Link's role has been to support the training of two local volunteers and to provide the modest resources required to develop the learning materials. These two young men, educated to secondary school certificate level, work with the children after school hours. They use rather more active teaching approaches than those the children normally experience in the classroom. Hardly surprising, given the fact that early years teachers are potentially responsible for the education of two or three hundred children at any one time.

The activities we observed followed a systematic structure. First the children learned about letters, selecting and matching to upper- and lower-case displays.

They move on to sounds, one by one, then combined and eventually making their own words.

Then they start combining words and making their own sentences.

In due course, they're ready to watch a 'television programme'. Kokola's own take on the media requires an old box, four twigs and strips of A4 paper stuck together.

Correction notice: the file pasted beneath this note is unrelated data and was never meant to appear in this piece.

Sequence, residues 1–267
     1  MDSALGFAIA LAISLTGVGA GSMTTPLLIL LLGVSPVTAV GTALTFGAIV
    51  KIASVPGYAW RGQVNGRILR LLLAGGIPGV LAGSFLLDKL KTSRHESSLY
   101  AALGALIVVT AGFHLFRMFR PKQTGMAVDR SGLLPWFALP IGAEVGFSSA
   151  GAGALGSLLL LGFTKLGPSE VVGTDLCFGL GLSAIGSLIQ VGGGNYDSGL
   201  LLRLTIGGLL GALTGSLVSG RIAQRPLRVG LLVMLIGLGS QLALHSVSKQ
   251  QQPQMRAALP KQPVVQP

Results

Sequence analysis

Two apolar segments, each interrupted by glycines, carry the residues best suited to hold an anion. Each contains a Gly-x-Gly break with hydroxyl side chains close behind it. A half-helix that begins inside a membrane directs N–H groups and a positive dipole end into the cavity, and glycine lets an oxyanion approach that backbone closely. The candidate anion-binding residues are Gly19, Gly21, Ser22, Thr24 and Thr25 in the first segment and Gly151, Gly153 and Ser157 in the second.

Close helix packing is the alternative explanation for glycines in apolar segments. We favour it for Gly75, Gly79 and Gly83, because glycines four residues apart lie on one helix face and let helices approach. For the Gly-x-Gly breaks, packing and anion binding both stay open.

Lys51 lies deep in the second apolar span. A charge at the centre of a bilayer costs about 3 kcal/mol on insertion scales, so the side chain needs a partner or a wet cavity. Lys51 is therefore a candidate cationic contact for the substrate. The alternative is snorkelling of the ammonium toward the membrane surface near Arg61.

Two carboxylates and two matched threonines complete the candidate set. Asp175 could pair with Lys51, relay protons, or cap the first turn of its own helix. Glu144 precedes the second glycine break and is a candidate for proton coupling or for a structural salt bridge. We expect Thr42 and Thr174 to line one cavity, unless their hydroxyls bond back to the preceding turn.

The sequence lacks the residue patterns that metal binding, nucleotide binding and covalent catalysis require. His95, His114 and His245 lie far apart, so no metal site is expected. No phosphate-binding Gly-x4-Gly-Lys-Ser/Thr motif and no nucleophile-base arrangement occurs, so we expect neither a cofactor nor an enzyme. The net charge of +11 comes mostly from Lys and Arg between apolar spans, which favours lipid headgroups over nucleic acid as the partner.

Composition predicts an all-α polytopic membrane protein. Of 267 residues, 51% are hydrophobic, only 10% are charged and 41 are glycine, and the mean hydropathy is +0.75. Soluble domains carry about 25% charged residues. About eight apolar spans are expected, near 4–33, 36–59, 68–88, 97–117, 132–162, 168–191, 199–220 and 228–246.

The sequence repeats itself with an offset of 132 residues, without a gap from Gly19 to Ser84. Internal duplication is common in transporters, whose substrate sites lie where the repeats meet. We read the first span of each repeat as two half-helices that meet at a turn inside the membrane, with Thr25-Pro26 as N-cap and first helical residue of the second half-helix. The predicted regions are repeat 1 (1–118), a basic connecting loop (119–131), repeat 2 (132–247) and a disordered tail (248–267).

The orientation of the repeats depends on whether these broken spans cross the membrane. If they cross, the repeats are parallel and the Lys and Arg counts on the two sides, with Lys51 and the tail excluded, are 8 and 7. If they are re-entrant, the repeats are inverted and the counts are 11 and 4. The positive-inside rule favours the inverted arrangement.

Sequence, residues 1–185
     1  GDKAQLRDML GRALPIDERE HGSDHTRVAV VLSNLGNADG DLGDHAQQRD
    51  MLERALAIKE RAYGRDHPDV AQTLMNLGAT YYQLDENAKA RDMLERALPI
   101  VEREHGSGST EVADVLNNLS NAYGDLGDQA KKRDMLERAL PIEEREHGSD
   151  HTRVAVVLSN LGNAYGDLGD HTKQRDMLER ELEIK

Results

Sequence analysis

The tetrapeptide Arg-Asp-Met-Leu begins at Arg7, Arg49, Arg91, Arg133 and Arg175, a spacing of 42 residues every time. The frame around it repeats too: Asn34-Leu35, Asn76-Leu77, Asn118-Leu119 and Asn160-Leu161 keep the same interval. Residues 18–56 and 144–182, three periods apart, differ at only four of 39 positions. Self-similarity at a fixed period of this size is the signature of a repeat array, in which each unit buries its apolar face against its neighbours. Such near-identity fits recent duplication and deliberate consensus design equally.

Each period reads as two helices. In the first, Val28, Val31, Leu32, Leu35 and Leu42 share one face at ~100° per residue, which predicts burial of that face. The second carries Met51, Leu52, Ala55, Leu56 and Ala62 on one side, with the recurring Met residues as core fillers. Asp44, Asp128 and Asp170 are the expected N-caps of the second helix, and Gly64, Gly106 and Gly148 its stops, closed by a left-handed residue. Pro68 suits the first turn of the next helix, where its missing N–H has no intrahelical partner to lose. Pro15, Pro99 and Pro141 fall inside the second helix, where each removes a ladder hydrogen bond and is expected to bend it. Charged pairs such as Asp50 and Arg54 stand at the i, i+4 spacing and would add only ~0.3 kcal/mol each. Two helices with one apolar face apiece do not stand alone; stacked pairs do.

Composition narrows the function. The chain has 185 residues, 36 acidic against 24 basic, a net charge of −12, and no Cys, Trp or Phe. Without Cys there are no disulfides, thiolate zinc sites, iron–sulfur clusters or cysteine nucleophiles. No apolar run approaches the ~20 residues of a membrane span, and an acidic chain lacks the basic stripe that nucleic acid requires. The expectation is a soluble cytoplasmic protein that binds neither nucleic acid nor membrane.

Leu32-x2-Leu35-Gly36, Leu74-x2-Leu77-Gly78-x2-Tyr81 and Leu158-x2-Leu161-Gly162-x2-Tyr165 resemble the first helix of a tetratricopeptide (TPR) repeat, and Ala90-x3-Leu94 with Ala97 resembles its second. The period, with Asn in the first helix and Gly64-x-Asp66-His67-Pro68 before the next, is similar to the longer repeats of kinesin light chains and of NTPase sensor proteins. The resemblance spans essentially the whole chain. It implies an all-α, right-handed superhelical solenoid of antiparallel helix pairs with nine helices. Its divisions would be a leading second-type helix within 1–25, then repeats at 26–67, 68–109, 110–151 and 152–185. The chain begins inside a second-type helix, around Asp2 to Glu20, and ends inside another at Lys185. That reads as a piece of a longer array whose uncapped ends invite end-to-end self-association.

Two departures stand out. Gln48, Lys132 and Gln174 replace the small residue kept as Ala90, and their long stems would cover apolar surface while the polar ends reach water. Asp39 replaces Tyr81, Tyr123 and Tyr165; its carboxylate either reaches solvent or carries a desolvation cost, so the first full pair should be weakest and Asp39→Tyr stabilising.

Students act as narrators, taking turns to read out the captions to the illustrations of the stories.

The old tale of the hare and the tortoise caused much amusement.

However, reading skills need to be exercised on real texts, difficult if your school has no books. So, the teachers have written their own.

Meanwhile, those still at an earlier stage have moved on to the chanting, marching and dancing which help them to retain their learning.

Of course, much of what I have described is fairly standard in most ordinary Scottish schools. However, for these rural children in Malawi, such activities are giving them a chance to become literate, indeed a second chance for both them and their families. Sadly, they DO go to school, or at least register and attend early years classes. Indeed, no doubt like most of their peers in Malawi they are attentive and keen to learn.

However, learning simply does not happen in many cases and the children steadily drop out of school. Look at the chart on the right. Each of these classes has one teacher. That means 336 children in Standard 1, with a gradual drop out until Standard 8. Here the 37 children remaining will be those most likely to pass their Primary School Leaving Certificate Examination. The PSLCE provides a precious opportunity for a very small number of those still retained within the system and successful in their exam to be selected to go to secondary school.